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India's military battled on Thursday to reach villages and towns cut off by flash floods and landslides in the country's north as officials warned at least 1,000 people may have been killed.
Helicopters and close to 10,000 soldiers have been deployed to rescue tourists and pilgrims stranded after floods caused by torrential monsoon rains hit the Himalayan state of Uttarakhand at the weekend.
Some 1,400 people have been evacuated in the past 24 hours as the military takes advantage of clearer weather, but another 18,000 are still stranded, the air force said.
"Our priority is to take out the children and women first by helicopter," said Ajay Chadha, chief of the Indo-Tibetan Border Police.
"We hope to rescue all the living and then start the scavenging task," Chadha said in New Delhi, referring to the task of finding the dead.
Houses, buildings and vehicles have collapsed or been swept away by overflowing rivers and landslides, while bridges and narrow roads leading to pilgrimage towns have also been destroyed, officials said.
Torrential rains four and a half times as heavy as usual have hit Uttarakhand, known as the "Land of the Gods", where Hindu shrines and temples built high in the mountains attract many pilgrims.
"There are some 3,000 of us stuck in Gangotri (a pilgrimage site) for the past few days and there is no food, no drinking water or assurances from the government," a pilgrim, Parwinder Singh, told CNN-IBN by telephone.
"It is very difficult to move from here," he added.
At least 138 people have been killed across Uttarakhand and two neighbouring states also hit by floods and landslides, officials said, but shrine authorities warned the toll was more than 1,000.
"We estimate more than 1,000 people have died as unattended bodies are scattered all around," said Ganesh Godiyal, chairman of a trust in charge of several shrines in the pilgrimage towns of Kedarnath and Badrinath.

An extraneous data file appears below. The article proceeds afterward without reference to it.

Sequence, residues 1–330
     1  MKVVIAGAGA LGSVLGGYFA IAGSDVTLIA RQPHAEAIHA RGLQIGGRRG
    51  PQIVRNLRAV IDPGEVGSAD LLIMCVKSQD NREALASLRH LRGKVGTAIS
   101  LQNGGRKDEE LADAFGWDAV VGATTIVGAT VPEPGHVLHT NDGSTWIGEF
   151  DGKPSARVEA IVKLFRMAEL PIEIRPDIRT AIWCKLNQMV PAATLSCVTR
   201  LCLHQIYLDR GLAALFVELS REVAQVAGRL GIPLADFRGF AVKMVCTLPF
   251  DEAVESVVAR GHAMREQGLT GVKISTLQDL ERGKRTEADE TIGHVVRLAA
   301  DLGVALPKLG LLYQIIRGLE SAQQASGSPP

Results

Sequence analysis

Over the border in Nepal, floods and landslides also triggered by the monsoon have left at least 39 people dead mostly in remote parts of the country, officials said.
Indian paramilitary officers have been building rope and log bridges across raging rivers to try to reach those stranded. Television footage showed pilgrims using ropes and makeshift ladders to climb down cliffs to reach safer ground.
The military operation was concentrating on reaching the worst-hit Kedarnath temple area, as families of those missing and stranded faced an anxious wait in Uttarakhand capital's Dehradun.
"Never seen anything like this... entire roads have vanished and villages destroyed... there's rubble everywhere," a military officer said, on condition of anonymity as he was not allowed to speak to the media.
One of those stranded was Indian cricket star Harbhajan Singh, who was attempting to reach a Sikh pilgrimage site but had to take refuge in a police station.
"Some people are saying that we're stuck but I wouldn't say that we're stuck, I'd say we've been saved by God," said the spin bowler, who was later flown out of the flood-hit area by military chopper.
"With the kind of rainstorm we witnessed, anything could have happened. Many people lost their lives," the cricketer said.
Figures for the death toll have varied considerably, underscoring the difficulty of reaching isolated areas.
An Uttarakhand state lawmaker, Shaila Rani Rawat, put the death toll at 2,000, but disaster management officials could not confirm this.
Nearly 10,000 soldiers along with 13 teams from the National Disaster Response Force have been deployed for the rescue and relief effort, the government said.
Relief camps have been set up to house evacuated residents and tourists. Some 30 aircraft are ferrying many of those rescued to the camps, while 14 tonnes of food and relief aid has been dropped in remote areas, the air force said.
The monsoon, which covers the subcontinent from June to September, usually brings some flooding. But the heavy rains arrived early this year, catching many by surprise and exposing the country's lack of preparedness.